British Prime Minister Theresa May warned Sunday that it would be "a potent symbol of Parliament's collective political failure" if a Brexit delay meant that the U.K. has to take part in May's European Parliament election — almost three years after Britons voted to leave the bloc.
Writing in the Sunday Telegraph, May also cautioned that if British lawmakers failed to back her Brexit deal before Thursday's European Council summit, "we will not leave the EU for many months, if ever."
"If the proposal were to go back to square one and negotiate a new deal, that would mean a much longer extension ... The idea of the British people going to the polls to elect MEPs (Members of the European Parliament) three years after voting to leave the EU hardly bears thinking about," she wrote.
May is expected to try to win Parliament's approval of her withdrawal agreement from the EU for the third time this week. After months of political deadlock, lawmakers voted Thursday to seek to postpone Brexit.
That will likely avert a chaotic British withdrawal on the scheduled exit date of March 29 — although the power to approve or reject a Brexit extension lies with the EU. The European Commission has said the bloc would consider any request, "taking into account the reasons for and duration of a possible extension."
By law, Britain is leaving the EU on March 29 with or without a deal, unless it cancels Brexit or secures a delay.
May is trying to persuade opponents in her Conservative Party and its parliamentary allies to change their minds and support her Brexit withdrawal agreement, which Parliament has already resoundingly defeated twice. If she wins that parliamentary approval, Britain's departure from the bloc can likely take place with just a "short technical extension" beyond March 29.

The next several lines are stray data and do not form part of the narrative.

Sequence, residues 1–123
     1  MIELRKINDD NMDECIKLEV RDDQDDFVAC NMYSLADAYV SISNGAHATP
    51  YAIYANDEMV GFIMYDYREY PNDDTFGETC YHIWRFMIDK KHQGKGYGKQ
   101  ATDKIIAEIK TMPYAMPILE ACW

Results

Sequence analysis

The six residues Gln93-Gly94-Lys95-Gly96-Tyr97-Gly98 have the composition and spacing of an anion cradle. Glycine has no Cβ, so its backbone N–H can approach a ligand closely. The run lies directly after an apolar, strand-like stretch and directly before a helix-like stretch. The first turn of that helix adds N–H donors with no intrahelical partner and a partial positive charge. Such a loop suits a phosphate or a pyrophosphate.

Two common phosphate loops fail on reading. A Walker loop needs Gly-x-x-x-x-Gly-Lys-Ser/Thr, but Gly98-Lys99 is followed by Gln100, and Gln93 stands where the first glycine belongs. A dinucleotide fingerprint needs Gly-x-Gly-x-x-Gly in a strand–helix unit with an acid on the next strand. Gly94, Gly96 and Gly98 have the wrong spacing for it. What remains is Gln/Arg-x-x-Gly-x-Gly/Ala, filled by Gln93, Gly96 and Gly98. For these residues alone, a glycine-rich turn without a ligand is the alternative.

Ahead of a third parliamentary vote on Brexit deal, the possibility of Britain's departure being delayed or overturned in a second referendum appeared to be swinging some Eurosceptic lawmakers reluctantly behind May.
Former Cabinet minister Esther McVey, who resigned over the Brexit agreement, told Sky News on Sunday that she would back May's deal now because "the choice before us is this deal or no Brexit whatsoever."
Opposition Labour leader Jeremy Corbyn said Sunday that his party is against May's Brexit deal — but indicated that Labour would back an amendment that supports the EU divorce deal on condition that it is put to a new referendum.
Corbyn has written to lawmakers across Britain's political spectrum inviting them for talks to find a cross-party compromise on Brexit.
He also told Sky News that he may propose another no-confidence vote in May's minority government if her Brexit deal is voted down again.
May's government was continuing talks with Northern Ireland's Democratic Unionist Party, whose 10 lawmakers provide the crucial supporting numbers to keep May's Conservatives in power.
Treasury chief Philip Hammond, who was involved in the negotiations, said they had focused on preventing a regulatory border in the Irish Sea after Brexit.
Follow AP's full coverage of Brexit at: https://www.apnews.com/Brexit